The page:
Register For Our Mailing List

Register to receive our free weekly newsletter including editorials.

Home / 347

Top three ways an SMA helps optimise tax

There are few free lunches in investing, so any reward from reducing a tax burden is worth the effort. Financial advisers are increasingly presenting a more tax-effective investment solution to clients as part of their value proposition. The challenge is making sure everyone understands the opportunity.

In this article, we examine how tax optimisation can work using Separately Managed Accounts (SMAs). 

1. Avoid tax inheritance

Investors should avoid the inheritance of a capital gains liability. The chart above shows a hypothetical increase in a managed fund’s unit price over a period that begins when a fund manager buys a stock into that fund, and when it sells that same stock. In the middle of that period, the investor buys units in that fund. The price of that unit has inflated since the stock was originally bought, because it includes the accrued capital gain.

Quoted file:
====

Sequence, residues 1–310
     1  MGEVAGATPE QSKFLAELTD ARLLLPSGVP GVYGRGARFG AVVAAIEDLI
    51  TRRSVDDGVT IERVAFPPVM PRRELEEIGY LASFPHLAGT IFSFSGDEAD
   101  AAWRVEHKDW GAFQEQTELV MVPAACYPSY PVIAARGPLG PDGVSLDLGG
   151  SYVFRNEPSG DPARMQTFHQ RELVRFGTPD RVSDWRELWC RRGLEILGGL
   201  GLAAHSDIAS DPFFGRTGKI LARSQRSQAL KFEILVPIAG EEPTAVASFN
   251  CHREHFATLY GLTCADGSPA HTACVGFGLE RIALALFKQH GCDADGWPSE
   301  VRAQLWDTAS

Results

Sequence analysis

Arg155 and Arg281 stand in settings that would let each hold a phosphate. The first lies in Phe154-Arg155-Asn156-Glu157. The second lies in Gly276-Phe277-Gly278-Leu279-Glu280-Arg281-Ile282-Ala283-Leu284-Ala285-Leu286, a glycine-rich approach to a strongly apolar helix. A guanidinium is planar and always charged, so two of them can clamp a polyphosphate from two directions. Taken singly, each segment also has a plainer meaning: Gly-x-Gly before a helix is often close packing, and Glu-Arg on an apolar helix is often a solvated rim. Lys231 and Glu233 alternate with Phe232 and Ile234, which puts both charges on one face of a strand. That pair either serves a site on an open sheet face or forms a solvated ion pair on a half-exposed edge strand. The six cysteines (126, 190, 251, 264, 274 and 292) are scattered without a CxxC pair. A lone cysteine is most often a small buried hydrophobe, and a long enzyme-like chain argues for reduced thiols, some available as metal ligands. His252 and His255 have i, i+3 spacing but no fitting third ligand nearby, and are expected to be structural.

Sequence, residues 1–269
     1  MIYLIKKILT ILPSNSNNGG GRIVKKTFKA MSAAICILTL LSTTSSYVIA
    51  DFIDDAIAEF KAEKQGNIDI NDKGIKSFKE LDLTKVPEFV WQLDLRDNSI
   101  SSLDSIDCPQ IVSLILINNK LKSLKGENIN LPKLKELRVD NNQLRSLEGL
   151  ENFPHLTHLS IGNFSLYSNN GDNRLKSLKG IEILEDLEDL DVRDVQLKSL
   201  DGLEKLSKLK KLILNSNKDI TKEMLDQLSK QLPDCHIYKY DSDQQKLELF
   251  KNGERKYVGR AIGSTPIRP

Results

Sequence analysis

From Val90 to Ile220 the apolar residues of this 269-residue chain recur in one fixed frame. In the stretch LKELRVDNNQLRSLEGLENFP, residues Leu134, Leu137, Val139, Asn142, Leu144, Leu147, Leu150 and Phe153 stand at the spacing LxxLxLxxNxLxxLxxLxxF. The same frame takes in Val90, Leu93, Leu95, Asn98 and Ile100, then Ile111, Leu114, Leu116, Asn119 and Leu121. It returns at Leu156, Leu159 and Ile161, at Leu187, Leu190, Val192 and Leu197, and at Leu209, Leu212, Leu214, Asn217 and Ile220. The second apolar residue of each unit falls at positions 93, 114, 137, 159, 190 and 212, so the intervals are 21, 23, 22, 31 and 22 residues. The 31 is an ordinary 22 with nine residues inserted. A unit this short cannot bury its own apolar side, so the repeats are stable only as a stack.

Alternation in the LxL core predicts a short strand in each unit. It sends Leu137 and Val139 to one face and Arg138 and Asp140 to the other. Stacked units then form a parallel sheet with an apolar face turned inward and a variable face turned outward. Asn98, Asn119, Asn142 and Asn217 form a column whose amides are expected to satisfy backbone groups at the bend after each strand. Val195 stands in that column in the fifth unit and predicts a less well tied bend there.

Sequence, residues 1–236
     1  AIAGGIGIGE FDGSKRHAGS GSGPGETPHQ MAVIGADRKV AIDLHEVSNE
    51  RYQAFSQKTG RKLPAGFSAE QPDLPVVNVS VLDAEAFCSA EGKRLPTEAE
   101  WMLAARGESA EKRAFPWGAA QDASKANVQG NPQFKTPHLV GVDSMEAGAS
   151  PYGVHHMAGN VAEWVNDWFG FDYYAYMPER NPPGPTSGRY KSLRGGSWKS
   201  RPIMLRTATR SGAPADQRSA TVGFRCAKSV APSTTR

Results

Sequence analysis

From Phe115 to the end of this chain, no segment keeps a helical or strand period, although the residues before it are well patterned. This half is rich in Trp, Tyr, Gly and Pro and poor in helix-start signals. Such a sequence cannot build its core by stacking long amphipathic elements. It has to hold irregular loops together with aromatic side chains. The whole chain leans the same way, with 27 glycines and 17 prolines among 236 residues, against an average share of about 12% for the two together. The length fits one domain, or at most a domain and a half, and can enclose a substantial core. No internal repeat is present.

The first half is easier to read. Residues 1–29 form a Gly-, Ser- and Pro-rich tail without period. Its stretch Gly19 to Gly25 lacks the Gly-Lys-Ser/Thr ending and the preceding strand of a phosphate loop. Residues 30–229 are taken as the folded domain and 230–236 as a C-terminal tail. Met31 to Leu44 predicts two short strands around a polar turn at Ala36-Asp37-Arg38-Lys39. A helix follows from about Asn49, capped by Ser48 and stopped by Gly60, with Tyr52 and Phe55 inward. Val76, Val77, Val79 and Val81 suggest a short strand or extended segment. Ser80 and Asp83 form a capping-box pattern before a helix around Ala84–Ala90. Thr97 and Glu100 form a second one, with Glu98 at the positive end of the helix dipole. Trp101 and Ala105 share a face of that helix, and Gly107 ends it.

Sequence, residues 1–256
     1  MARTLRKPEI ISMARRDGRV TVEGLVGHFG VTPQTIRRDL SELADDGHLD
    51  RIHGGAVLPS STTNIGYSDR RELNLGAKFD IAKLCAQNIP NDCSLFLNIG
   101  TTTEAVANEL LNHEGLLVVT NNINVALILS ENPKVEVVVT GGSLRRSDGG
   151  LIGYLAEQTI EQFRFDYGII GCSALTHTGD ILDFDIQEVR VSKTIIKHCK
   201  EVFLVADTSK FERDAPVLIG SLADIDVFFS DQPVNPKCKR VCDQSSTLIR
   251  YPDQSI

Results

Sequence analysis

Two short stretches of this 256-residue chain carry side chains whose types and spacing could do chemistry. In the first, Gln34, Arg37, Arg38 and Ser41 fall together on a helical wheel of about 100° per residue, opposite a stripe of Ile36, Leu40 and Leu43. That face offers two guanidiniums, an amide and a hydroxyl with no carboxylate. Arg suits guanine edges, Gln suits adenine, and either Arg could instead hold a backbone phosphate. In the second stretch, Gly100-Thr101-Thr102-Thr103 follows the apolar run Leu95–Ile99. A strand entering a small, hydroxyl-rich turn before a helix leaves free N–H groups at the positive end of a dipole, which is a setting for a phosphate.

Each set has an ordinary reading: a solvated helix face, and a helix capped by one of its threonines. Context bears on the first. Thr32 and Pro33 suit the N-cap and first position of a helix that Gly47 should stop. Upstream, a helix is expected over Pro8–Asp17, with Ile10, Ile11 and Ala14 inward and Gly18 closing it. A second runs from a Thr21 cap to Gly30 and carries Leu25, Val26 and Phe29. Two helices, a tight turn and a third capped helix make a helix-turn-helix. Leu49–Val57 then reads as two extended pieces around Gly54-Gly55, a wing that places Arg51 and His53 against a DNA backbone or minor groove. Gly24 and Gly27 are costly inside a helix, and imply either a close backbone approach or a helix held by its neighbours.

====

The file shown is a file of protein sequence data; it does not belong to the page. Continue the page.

The investor has no choice but to buy into that gain if they want to invest in the fund, even though they were not invested during that initial period. Investors have inherited a capital gain liability. Of course, for the sake of simplicity we have made very simple assumptions, but the concept remains.

For completeness, it should also be noted the opposite is true. If a fund is carrying a capital loss, then the investor can inherit those losses and potentially reduce taxable income, although that is not typically the objective of investing.